Since the Sandy Hook massacre in December 2012, President Obama has been adamant that Americans must fix an "epidemic" of gun violence, but proposals to increase background checks and limit assault weapons have been thwarted by a deeply-divided Congress.
On Tuesday, the president is expected to announce plans for a final push on gun control, forcing the issue even higher on 2016 campaigners' list of priorities.
After meeting with Attorney General Loretta Lynch and Federal Bureau of Investigations Director James Comey on Monday, Mr. Obama is expected to use executive actions to toughen gun sales laws, pushing to define more gun sellers as licensed "dealers" who must perform background checks on potential customers.
Under current law, only sellers who report firearms sales as their main livelihood are required to apply for a license from the Bureau of Alcohol, Tobacco, Firearms, and Explosives (AFT). Critics say that leaves far too many loopholes for people to sell guns without performing a background check.
But the White House must choose how to encourage those reforms: through legally binding "executive orders," which may be overturned by a court, or future laws, and all but guarantee lawsuits from guns' rights advocates; or through a variety of "executive actions," which are more like recommendations.
Republicans on the campaign trail have harshly criticized the prospect of an executive order, calling it an abuse of power. New Jersey Governor and presidential contender Chris Christie lambasted the president as a "king" and a "dictator," and fellow candidate Jeb Bush said the reforms would "take rights away from law-abiding citizens."
Many have promised to undo any changes if elected, including Donald Trump, Sen. Ted Cruz of Texas, and Sen. Marco Rubio of Florida.
Meanwhile, Democratic candidates Hillary Clinton and Sen. Bernie Sanders rallied supporters around support for gun control, as well as the fear of an elected Republican undoing Obama's proposed reforms.
Mrs. Clinton, who has also proposed executive actions on the issue, told New Hampshire supporters that a Republican in the White House "would delight in the very first day, reversing executive orders that President Obama has made."
Earlier this week, Sen. Sanders told ABC that executive actions on gun control were the "right thing to do," although he regretted that Congress could not reach an agreement.
The Democrats' renewed campaign focus on gun control marks a shift from recent presidential elections, in part because of party members' divided views. Even after winning his first election, Obama avoided contentious gun issues until the Sandy Hook shooting in December 2012, which killed 20 elementary school children and six staff.
But efforts to toughen gun control were unsuccessful in Congress, where the proposal failed to get 60 votes in the Senate.
Since then, mass shootings from South Carolina, to Oregon, to California have toughened the president's resolve.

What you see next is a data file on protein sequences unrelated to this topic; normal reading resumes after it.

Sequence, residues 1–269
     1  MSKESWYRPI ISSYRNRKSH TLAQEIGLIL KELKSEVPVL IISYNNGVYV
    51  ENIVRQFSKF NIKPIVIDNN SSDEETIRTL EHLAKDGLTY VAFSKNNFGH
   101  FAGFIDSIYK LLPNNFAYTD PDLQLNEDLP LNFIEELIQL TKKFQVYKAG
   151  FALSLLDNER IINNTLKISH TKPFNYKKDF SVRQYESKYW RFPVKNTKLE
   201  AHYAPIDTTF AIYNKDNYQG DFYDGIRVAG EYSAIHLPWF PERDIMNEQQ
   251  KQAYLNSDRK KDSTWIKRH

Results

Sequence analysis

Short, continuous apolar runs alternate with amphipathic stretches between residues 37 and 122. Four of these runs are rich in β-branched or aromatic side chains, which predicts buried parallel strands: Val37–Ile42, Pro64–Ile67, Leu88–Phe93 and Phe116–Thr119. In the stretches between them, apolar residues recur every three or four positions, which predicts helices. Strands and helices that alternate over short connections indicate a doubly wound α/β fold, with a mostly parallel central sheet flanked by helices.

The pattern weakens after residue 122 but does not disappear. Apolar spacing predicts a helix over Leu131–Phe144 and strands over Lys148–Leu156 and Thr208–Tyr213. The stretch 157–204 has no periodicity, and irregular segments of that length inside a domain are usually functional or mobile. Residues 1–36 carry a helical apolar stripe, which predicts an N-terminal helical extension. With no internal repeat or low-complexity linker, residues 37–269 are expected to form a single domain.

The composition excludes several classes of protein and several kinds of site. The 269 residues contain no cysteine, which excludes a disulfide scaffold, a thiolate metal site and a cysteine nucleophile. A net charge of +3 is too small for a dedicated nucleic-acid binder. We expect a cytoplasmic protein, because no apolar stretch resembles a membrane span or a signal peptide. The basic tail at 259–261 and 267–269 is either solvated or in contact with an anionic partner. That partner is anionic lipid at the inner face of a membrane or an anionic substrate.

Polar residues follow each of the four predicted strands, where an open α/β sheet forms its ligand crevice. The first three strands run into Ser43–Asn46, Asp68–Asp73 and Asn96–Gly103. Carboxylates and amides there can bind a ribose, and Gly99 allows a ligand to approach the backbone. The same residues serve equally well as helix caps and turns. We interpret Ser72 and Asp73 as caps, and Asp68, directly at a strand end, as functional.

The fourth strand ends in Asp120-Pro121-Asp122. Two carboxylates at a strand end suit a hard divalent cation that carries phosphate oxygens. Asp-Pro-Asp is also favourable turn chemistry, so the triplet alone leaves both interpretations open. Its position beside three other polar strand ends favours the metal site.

"We have become numb to this," Obama mourned in October, after 10 people were killed by a gunman at Umpqua Community College in Roseburg, Ore.:
What’s also routine is that somebody, somewhere will comment and say, 'Obama politicized this issue.' Well, this is something we should politicize. It is relevant to our common life together, to the body politic.... We are the only advanced country on Earth that sees these kinds of mass shootings every few months.
In the past, Obama has blamed politics for Congress' failure to pass gun safety measures. After the bid to toughen background checks failed after Sandy Hook, he told the press that politicians "worry that that vocal minority of gun owners would come after them in future elections."
Since then, the gun control movement has gained powerful supporters, including former New York City Mayor Michael Bloomberg, who founded nonprofit Everytown for Gun Safety to counter the influence of the National Rifle Association.
Now "there's more organization, there's more capacity, there's more money," Duke University Professor Kristin Goss, an expert on gun control advocacy, told the Associated Press. In the past, vocal gun rights supporters have proven more politically engaged than gun control advocates, keeping pressure on their representatives to oppose expanded legislation.
But candidates' willingness to fire up primary voters before the February 1 Iowa caucus may fade as the general election draws near, and the importance of highly engaged single-issue voters' views must be balanced with the general public's.
"Both [sides] are really going to want to talk about [it] for the next couple of months, but I don't know how much they're going to want to talk about it in the fall," Matthew Dowd, a former political adviser to President George W. Bush, told the AP.
More than 90 percent of Americans approve of background checks for all gun buyers, according to an October CBS/New York Times poll. However, when asked if they support "stricter gun laws," that number falls to 58 percent, according to 2015 AP-GfK polls.
This report contains material from the Associated Press.